Several carriers are launching new or expanded service to Florida from Pittsburgh in the coming weeks as the pandemic continues to reorient travel demand toward leisure routes.
United became the latest carrier to grow its Florida schedule from Pittsburgh International Airport when it expanded its new Fort Myers nonstop route. The service, scheduled to start Dec. 17, will now operate until April 5; it was initially planned to halt on Jan. 10.
Similarly, Southwest restarted service from PIT to Fort Myers and Fort Lauderdale last week while Spirit will be starting its own Fort Myers service on Nov. 19. Frontier is scheduled to restart its Orlando service in December and JetBlue’s Palm Beach service is slated to launch Dec. 19.
Outside of Florida, American and Southwest resumed service to Phoenix last week.
Bill Swelbar, chief industry analyst at Swelbar-Zhong Consultancy, said while airline frequent flyers may not be flying for business, leisure travel still has a pulse that may be quickening due to COVID-19 fatigue.
“Among the network carriers, United has been increasingly entrepreneurial in adding flying that does not connect over one of its hubs,” Swelbar said. “Significant markets to United, like Pittsburgh and Milwaukee, have benefited by getting United service to leisure points in Florida over the winter that do not connect.
“United is being smart in making its brand available to its flyers in Pittsburgh even when the purpose of travel is different,” he said. “Whether this strategy continues into a post-COVID world is unknown at this juncture. I do believe it underscores that Pittsburgh will remain an important node on United’s map when normal is redefined.”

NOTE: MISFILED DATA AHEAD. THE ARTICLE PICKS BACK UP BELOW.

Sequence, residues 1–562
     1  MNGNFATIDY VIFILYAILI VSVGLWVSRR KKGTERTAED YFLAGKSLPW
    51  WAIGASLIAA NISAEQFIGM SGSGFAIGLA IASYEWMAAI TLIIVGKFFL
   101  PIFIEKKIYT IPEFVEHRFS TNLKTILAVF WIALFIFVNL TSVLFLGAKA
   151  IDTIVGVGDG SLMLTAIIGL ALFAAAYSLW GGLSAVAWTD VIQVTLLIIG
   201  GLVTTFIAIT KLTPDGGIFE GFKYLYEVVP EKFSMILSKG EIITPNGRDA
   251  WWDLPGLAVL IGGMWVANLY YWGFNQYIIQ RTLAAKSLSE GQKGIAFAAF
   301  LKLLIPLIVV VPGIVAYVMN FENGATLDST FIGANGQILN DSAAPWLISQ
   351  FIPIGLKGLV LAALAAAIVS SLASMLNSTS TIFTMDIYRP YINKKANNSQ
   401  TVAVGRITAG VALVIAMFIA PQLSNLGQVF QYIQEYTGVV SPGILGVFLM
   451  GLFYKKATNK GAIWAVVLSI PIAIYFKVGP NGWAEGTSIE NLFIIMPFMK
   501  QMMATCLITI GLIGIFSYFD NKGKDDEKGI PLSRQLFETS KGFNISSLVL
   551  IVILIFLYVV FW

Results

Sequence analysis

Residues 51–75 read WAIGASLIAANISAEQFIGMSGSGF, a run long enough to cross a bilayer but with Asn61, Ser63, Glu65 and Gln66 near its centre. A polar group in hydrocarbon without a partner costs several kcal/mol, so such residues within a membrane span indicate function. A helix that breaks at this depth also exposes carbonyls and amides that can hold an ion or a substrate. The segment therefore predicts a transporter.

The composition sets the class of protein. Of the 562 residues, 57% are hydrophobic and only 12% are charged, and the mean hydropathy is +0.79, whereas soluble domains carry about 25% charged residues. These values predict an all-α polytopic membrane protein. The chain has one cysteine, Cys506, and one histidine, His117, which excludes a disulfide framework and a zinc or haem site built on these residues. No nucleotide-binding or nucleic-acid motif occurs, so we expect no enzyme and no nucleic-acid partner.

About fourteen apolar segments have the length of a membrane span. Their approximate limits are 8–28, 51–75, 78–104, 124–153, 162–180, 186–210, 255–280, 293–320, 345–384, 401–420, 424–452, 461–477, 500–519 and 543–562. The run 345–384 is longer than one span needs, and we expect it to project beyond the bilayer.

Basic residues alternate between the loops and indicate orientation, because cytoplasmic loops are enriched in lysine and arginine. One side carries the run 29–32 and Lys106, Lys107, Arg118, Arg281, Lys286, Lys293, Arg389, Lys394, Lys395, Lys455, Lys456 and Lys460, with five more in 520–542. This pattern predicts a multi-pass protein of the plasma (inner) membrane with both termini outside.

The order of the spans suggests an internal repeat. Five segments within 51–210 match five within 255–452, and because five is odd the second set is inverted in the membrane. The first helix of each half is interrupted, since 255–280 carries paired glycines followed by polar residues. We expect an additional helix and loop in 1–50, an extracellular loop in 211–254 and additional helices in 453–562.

Corporate travel still a focus
Corporate travel continues to face a long recovery. Still, airlines are working to recover those customers and build confidence in the health and safety precautions that have been implemented during the pandemic.
United hosted more than a dozen corporate travel planners from the region at the airport last month as part of the carrier’s “Curb-to-Cabin CleanPlus tour.” Delta and Southwest have had similar events in Pittsburgh and around the country.
“We wanted our guests to experience ‘what to expect’ when traveling on United in a COVID world,” said Nancy Hollis, sales manager for United. “We started at the ticket counter with up-to-date information about the airport … then onto the gate where we boarded an aircraft to watch a demonstration of the electrostatic spray along with a HEPA filter on display.”
Guests were able to listen to the carrier’s safety boarding announcements and learn about a new rear-to-front boarding process.
Paul Lang, manager of travel, fleet and credit card for polymer manufacturer Covestro, attended and noted that United partnered with both the Cleveland Clinic and Clorox to develop processes and standards to mitigate the risk of contracting COVID-19 on flights.
“I had the opportunity to experience these new United Airlines processes and standards firsthand,” Lang said. “Based on United’s actions, as well as a study conducted by IATA (International Air Transportation Association) which concluded that the risk of contracting COVID-19 on commercial carriers is extremely low, I believe that flying on commercial aircraft is a safe way to travel. In fact, my wife and I have flown on commercial service in September and are doing so again this month.”